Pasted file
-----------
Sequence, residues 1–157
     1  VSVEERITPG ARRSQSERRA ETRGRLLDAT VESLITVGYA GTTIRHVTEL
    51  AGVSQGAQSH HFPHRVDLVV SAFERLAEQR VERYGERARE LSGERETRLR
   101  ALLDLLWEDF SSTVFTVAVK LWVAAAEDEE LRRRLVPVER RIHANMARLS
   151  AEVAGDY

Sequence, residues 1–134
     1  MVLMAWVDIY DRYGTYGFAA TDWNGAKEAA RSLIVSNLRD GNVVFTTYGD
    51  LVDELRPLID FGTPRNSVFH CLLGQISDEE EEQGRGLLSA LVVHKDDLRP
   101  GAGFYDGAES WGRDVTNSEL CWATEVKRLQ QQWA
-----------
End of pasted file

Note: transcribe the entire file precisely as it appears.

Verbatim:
Sequence, residues 1–157
     1  VSVEERITPG ARRSQSERRA ETRGRLLDAT VESLITVGYA GTTIRHVTEL
    51  AGVSQGAQSH HFPHRVDLVV SAFERLAEQR VERYGERARE LSGERETRLR
   101  ALLDLLWEDF SSTVFTVAVK LWVAAAEDEE LRRRLVPVER RIHANMARLS
   151  AEVAGDY

Sequence, residues 1–134
     1  MVLMAWVDIY DRYGTYGFAA TDWNGAKEAA RSLIVSNLRD GNVVFTTYGD
    51  LVDELRPLID FGTPRNSVFH CLLGQISDEE EEQGRGLLSA LVVHKDDLRP
   101  GAGFYDGAES WGRDVTNSEL CWATEVKRLQ QQWA